Date: April 2, 1999

     "So."  He smiled at the woman sitting
across the table from him.  
     "So."  She did not smile back.

Al sighed.  This was going to be more trouble than he'd thought.
     "Why don't we start with what you know about Sam," he said, "and
then I can fill in the details of what happened after that."  I hope I
can, anyway, he thought.  Then he had an inspiration for what he'd do
if he couldn't.  "I'll tell you everything I can that's not classified,
of course."  There, that should do it.
     "Is what happened to Sam classified higher than Top Secret?" the
woman, Donna Elysee, asked.  "Because if not, you can tell me all of
     "YOU have a Top Secret classification?"  Al blurted, wishing he'd
at least remembered THAT much about the life he'd never lived.
     "You spend too many years helping your father out with the
paperwork from his job, and they kind of have to give you the
clearance.  Makes them feel more secure about who's seeing the stuff." 
She smiled, and suddenly Al had a shatteringly powerful image from the
life he'd never lived.
     Donna smiling exactly this way.  But this time, she wasn't wearing
a dark blue suit-dress.  No...this time, she was wearing a white
full-body gown.
     A wedding dress.  She was smiling at Al as she stood there, arm in
arm...with Sam Beckett.  It was Sam's wedding day, several years before
the project began (PROJECT? his brain screamed from a little corner. 
WHAT Project?)  Sam had asked Al to be his best man because his father
was too ill to make it and his brother, unfortunately, had been killed
during the Vietnam situation.  Al had been only too happy to be there. 
After all, it was only weeks until Al would be leaving for the Star
Bright project and--
     Al began to feel faint.  He tried to list off in his mind how many
delusions there were in that last image.  

He didn't know a Sam Beckett.
He had never met Donna before tonight.
There was no Star Bright project.
He knew nothing about Sam's father (Elk Ridge, his mind whispered.  You
told him his name...)

     Wait a minute.  Sam's brother wasn't dead at all--Sam had saved
him when he leaped into Magic, the black man who Sam had used to make
sure his brother survived the day he was supposed to be killed.
     Al stopped, dizzy.  Oh, Mary, Mother of God.  Al realized that he
was now having delusions of delusions--he was telling himself that one
false memory was incorrect because it was different than another false
memory.  He began to feel faint, and suddenly realized why those who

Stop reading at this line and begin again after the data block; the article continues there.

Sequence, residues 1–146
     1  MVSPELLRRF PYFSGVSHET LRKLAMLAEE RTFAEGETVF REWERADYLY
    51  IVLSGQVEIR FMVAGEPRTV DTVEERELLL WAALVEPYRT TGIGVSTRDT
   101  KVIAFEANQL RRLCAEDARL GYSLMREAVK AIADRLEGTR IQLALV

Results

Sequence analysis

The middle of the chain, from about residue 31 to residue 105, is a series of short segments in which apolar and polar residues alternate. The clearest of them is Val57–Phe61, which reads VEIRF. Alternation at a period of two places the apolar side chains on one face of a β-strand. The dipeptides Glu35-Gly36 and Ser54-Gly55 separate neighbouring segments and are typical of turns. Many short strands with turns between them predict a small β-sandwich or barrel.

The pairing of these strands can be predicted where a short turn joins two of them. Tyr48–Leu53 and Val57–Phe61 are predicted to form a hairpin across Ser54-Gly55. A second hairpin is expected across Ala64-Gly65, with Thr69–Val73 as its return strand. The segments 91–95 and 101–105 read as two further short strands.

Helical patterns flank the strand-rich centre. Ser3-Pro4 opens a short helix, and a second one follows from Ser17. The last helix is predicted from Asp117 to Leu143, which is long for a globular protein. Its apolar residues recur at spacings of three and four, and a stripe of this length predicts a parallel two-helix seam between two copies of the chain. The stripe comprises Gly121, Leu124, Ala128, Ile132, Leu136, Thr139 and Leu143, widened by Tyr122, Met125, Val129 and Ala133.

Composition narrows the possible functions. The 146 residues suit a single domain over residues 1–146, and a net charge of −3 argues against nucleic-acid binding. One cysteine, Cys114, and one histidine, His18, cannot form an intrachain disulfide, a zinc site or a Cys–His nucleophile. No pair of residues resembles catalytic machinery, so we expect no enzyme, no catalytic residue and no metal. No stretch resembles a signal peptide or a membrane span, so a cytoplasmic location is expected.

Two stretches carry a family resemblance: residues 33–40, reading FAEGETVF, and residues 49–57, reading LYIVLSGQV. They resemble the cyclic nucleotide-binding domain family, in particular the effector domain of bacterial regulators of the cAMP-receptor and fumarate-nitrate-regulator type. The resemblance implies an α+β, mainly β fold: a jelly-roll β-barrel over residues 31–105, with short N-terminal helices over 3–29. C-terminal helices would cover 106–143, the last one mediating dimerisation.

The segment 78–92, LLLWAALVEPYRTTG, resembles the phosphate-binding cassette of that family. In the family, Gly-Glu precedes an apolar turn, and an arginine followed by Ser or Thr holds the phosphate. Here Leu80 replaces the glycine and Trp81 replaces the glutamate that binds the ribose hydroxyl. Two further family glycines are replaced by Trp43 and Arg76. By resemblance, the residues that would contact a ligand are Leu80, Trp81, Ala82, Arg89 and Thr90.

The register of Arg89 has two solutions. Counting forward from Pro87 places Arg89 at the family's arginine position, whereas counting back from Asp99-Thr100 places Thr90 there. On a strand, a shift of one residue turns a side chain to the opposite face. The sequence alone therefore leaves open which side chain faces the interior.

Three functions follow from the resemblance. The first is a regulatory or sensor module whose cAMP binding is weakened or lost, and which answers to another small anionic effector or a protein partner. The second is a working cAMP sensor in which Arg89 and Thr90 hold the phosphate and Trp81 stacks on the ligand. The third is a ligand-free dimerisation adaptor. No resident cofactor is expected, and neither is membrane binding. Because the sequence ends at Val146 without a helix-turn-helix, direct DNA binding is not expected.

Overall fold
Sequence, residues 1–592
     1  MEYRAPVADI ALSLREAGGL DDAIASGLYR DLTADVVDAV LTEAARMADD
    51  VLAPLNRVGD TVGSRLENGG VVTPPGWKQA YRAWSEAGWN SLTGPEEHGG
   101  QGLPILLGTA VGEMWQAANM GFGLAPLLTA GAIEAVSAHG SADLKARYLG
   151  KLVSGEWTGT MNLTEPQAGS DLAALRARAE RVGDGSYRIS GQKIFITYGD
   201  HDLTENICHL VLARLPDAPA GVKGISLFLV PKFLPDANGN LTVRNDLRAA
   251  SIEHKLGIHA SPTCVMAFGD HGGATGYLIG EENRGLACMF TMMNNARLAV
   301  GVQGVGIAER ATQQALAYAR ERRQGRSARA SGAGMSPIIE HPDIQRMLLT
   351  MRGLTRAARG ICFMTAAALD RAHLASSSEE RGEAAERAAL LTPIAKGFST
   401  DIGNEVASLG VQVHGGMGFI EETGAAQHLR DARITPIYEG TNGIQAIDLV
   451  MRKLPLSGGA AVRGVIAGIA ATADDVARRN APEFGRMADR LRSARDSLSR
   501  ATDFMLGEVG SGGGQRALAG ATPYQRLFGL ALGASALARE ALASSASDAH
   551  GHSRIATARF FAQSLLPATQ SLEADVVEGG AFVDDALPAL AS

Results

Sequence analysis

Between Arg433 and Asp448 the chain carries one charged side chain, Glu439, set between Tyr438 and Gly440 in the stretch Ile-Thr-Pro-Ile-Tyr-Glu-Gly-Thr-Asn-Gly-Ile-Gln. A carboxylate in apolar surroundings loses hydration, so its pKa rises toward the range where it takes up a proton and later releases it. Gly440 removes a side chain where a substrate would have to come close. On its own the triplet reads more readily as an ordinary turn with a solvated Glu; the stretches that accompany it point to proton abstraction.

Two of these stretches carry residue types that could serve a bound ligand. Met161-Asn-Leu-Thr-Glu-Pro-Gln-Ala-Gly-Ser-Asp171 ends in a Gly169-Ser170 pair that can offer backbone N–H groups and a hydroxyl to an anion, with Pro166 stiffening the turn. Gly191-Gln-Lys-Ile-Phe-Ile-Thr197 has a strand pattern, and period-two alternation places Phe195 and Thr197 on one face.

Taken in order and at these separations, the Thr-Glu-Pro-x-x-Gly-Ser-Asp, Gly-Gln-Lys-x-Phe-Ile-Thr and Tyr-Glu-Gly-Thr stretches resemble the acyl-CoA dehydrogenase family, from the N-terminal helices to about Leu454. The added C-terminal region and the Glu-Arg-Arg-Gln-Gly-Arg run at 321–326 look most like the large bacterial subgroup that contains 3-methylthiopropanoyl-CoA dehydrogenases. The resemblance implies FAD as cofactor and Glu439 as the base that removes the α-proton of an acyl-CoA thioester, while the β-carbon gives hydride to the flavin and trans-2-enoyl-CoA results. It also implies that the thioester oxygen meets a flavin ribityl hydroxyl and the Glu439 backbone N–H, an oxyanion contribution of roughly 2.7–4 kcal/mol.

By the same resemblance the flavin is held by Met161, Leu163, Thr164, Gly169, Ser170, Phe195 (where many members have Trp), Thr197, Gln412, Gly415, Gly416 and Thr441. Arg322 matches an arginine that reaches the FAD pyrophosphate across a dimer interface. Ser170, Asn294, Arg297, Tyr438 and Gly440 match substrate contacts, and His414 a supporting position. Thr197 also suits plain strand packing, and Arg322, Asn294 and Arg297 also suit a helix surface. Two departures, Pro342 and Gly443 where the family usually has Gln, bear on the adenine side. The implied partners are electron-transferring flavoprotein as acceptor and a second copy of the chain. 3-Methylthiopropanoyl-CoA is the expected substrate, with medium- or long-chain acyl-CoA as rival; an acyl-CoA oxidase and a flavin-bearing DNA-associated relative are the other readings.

are mad speak to each other.
     It was the only way to tell what version of their false memories
was real.  If he spoke, he thought, he would be able to know where he
truly was.

"Are...are you alright?  HEY, are you okay?"

     Al spun his head, focusing on the voice.  There was a woman
standing in front of him.  Who was she?  He recognized her--right,
Donna, the woman who knew Sam, who stood Sam up at the altar even
though she married him, the marriage where Sam's brother couldn't make
it even though he wasn't dead because he'd been killed, the woman who
told Sam that she would always wait for him, no matter how long it took
him to get back.


     Al suddenly realized he couldn't breathe.  His mind was whirling,
and seemed to be caught in circles, trying to focus on
something--anything--to snap him out of this confusion.

"Bartender, call 911.  I think he's having a heart attack.  DO IT!"

     Al heard the voice but had no idea where it was coming from.  Why
did his chest feel so tight?  It must be a nervous attack--hysteria,
that's what it was.  He tried to stand and then collapsed against the
table as a pain shot up his arm faster than a speeding bullet.

"I need the first-aid kit from my car.  Here are the keys."

     How was he supposed to get any kit from the car, he wondered
dully.  He couldn't even stand up.  Then he heard someone running and
thought, of course, it's not ME who has to go anywhere.

"Help me lay him on the table.  He has to get prone."

     Al felt the world around him twirl.  Funny.  He'd seen something
like this before.  Of course!  This was like the Imaging Chamber--that
place where he stood when he was about to become a hologram and go and
see Sam--his mind latched on to that image, trying harder than he had
ever tried in his life to stop the spinning of his mind, to try and pin
down WHAT he thought he was seeing, what he thought he was remembering.
     What did his crazy mind want him to think he remembered?  He
clenched his eyes to try and make it all come clear, just once.  If he
had to be mad, at least he could KNOW the madness completely.

"Open his shirt while I get this needle ready.  Do it, NOW."

     Al's eyes remained closed as he tried, desperately, to focus. 
Start at the beginning, Admiral.  Do it as the military taught,
focused, clear, straight.

You know a man named Sam Beckett.

He is dead, but you know that is not true.

You know Donna Elysee, as Donna Beckett.  So she never married him, and
that is not true.

You know that you are not a drunk, but that is not true.

You know you married Beth, but that is not true.

     Does that mean everything in your entire life is a lie?  A
hallucination? A..hologram?
     NO--this was real, all of it.  It was HE, AL, who was the
hologram.  It was Al who was ALWAYS the hologram, and SAM who always
got to put right what once went wrong.  SAM who always got to fix
things, who always got to change the world.
     It was Sam who decided what COULD be changed.  And what couldn't. 
It was SAM who had said Al couldn't have Beth back.

Al froze.

"He's going into full arrest.  Stand clear, I'm going to give him CPR."

     Sam had the chance to change Al's marriage.  Al's mind was
suddenly as clear as a bell.  He wondered if it was because he was
about to die.
     Al had told Sam to change things.  But Sam had said that was not
what he was there for- and he had been right.  Al had begged and
pleaded...but in the end, Sam had leaped after only giving Al one last
chance to see her.